Hi, everybody. My name is Mario. And I'd like to welcome you to our first lesson in the visual designing communications pathway.
Now, today's lesson is going to focus on visual communication, as the title says. And it's going to introduce you to various theories and perspectives, and sort of the basics on how visual communication actually works. So feel free throughout this lesson to pause, fast forward, and rewind as you see fit. And when you're ready to go, let's dive in.
So as I mentioned, we will introduce various theories and perspectives on how visual communication actually works. But before we get there, what is visual communication? How do we define it?
Visual communication is a process, by which an image conveys some sort of idea or message to an audience in order to inform, sell, persuade, educate, or entertain. And it relies heavily on both, the biology of human vision and the viewer's past experience.
Now, various practitioners and companies, organizations of many different backgrounds and disciplines will communicate visually. So it's extremely, extremely important to understand just how viewers actually collect and interpret that visual information to be more effective. So on a typical day, as I'm sure you can imagine, a person will encounter various types of visual communication in form of packages, labels, ads, newspapers, magazines, movies, TV, and much, much more. So the better you understand how visual input is interpreted, then the more likely you are to effectively communicate to the viewer.
So we're going to proceed to a few of the theories here in visual communication for the lesson. And just keep in mind that we'll be jumping into more specific examples on just how these models work later in this unit. So it should be pretty short and sweet here.
So let's start with perceptual communication model. What is that? So the perceptual communications model is a visual communication theory, which focuses on a viewer's personal interpretation and prior experiences. And we'll touch more on this later on as we continue.
The next theory here is the sensory communications models, which is a theory that focuses strictly on data that enters the brain. And then, lastly, we have the transmission model, which is a model adopted by many communications disciplines that states that a sender transmits a message to receiver. So pretty basic principle, right?
And here's an example of just what that model looks like. So you have the source, or the sender, which will desire to communicate some sort of message and will transmit this message through a channel, which will be the means or medium of transmission. And as a message is being channeled, it becomes susceptible to various dysfunctional factors that interfere with the message, and which is a noise in this case. But the message, of course, then proceeds to the receiver.
So again, just to clarify, the channel is going to be the means or medium of transmission of the message. And the noise is going to be some sort of factor that could alter or affect the message.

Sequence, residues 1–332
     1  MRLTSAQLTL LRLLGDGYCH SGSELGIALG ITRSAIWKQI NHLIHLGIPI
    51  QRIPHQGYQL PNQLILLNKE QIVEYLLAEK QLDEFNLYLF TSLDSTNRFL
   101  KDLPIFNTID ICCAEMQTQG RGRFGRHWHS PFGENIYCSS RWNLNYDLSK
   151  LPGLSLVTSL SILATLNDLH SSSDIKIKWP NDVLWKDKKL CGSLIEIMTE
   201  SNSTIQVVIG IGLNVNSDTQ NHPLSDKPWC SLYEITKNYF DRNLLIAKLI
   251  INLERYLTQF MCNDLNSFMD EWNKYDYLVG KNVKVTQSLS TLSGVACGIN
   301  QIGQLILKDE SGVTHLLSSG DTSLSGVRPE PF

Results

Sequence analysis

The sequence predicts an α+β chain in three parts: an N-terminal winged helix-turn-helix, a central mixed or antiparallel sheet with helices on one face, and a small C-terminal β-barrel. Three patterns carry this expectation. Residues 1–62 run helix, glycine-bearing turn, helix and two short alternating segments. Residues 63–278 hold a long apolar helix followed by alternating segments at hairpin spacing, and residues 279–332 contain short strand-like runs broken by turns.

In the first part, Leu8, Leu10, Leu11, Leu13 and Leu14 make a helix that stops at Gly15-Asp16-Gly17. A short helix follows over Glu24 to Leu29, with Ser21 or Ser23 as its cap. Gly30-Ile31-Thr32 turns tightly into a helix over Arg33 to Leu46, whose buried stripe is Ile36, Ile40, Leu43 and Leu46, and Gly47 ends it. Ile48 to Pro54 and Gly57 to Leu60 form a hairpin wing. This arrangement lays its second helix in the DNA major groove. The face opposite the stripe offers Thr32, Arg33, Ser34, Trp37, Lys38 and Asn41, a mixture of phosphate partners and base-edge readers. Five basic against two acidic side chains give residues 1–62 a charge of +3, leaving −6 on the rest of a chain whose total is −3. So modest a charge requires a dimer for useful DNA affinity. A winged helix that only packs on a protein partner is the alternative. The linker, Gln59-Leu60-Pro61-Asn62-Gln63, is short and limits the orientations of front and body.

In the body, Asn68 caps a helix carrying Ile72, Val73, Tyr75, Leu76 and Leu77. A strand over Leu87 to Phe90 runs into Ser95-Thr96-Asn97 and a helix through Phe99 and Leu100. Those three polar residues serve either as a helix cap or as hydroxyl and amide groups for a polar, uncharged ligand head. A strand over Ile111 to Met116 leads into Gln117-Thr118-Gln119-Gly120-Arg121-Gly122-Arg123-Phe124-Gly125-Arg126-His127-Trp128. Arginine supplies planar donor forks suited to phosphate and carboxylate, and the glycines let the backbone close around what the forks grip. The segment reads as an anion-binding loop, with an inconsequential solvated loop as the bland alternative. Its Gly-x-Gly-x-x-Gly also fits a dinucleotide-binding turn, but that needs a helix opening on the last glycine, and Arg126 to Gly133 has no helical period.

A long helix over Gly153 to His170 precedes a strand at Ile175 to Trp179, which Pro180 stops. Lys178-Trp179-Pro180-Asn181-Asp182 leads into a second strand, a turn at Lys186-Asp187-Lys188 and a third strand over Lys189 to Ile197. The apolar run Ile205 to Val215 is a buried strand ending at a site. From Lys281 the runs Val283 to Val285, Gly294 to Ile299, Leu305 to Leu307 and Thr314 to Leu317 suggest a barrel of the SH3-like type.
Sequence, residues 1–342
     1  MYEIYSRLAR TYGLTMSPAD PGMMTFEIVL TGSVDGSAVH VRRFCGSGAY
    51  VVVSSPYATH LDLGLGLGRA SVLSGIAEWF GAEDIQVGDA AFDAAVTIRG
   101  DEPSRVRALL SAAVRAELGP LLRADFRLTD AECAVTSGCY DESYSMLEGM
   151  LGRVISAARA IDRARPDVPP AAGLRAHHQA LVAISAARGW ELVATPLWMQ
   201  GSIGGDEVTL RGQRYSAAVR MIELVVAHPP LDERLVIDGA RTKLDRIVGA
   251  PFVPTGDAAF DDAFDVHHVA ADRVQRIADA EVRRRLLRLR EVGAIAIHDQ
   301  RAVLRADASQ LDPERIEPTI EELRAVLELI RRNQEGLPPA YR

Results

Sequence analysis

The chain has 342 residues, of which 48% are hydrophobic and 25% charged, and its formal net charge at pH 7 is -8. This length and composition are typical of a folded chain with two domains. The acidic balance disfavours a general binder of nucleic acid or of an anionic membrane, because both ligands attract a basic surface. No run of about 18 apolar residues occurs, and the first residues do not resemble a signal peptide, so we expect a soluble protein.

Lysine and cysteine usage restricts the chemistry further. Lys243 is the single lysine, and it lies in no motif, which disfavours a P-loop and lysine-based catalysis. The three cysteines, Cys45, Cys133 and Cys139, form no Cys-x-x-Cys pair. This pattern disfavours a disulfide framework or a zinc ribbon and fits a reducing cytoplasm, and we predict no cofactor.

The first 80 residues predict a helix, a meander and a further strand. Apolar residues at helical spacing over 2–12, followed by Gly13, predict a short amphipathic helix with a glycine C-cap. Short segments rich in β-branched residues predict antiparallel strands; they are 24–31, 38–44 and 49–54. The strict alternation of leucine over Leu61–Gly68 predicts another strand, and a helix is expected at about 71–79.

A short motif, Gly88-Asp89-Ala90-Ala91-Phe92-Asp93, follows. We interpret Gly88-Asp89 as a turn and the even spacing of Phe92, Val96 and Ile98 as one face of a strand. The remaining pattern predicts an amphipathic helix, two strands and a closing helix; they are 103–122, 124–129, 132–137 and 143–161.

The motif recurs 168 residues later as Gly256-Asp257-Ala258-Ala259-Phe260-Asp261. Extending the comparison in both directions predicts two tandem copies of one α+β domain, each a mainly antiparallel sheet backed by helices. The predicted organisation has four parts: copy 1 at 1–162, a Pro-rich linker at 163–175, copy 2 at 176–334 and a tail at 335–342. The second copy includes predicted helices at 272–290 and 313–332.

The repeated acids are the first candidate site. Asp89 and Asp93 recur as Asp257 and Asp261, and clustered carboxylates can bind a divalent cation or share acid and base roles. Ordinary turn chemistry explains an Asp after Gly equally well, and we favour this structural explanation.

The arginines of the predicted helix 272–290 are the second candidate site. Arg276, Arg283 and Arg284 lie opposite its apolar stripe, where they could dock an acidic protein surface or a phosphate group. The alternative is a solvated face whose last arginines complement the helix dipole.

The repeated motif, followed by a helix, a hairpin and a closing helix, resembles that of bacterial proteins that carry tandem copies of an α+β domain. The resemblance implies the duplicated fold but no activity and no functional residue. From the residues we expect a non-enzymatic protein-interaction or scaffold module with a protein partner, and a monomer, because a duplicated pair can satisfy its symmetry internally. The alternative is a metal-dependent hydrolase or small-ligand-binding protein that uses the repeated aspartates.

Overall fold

So a more typical example would be a granddaughter here, who wants to wish her grandma a happy birthday, who is somewhere on the other end. And she's going to transmit that message by means of a telephone. And the channel here is going to be the telephone cable or wire.
So this channel will be susceptible to noise in the form of some sort of bad line, causing static, or just electrical interference. And it could be various other forms of noise.
Another typical example would be maybe classmates in a classroom. So you have boy A who is trying to transmit a message to boy B. And the channel here is going to be just verbally. Now, in a classroom, you'd be susceptible to noise in the form of ambient sounds from other classmates, that are in turn adding their own sound that could disturb, interfere, or alter the message in some ways. This is almost literal noise in this case.
So that about wraps up our first lesson here. So I'm going to end with our key terms for today. And like I said, today is going to be a good intro to visual communications. And we'll continue to discuss and expand more specific examples and some of the key terms and concepts that we've learned today. The key terms again are "visual communications," "perceptual communications models," "sensory communications models," "transmission models," "source," "channel," and, of course, "noise."
I hope you've all enjoyed our first lesson in visual design and communications pathway. My name is Mario. And I hope to see you next lesson.
Image of Imdg labels, Creative Commons
Image of bottle label, Creative commons
Image of life magazine, Fair Use
Image of GP magazine, Creative commons
Images of movies tonight poster, creative commons
Image of case lighter magazine ad, public domain
Transmission medium or means.
In the transmission model of communications, anything that interferes with the process.
Visual communications theories which focus on the viewer's personal interpretation and prior experience.
Visual communications theories which focus strictly on data that enters the brain.
A person who desires to communicate.
A model adopted by many communications disciplines that states that a sender transmits a message to a receiver.
A process by which an image conveys an idea or message to an audience in order to inform, sell, persuade, educate or entertain. Visual communication relies on both the biology of human vision and the viewer's past experience.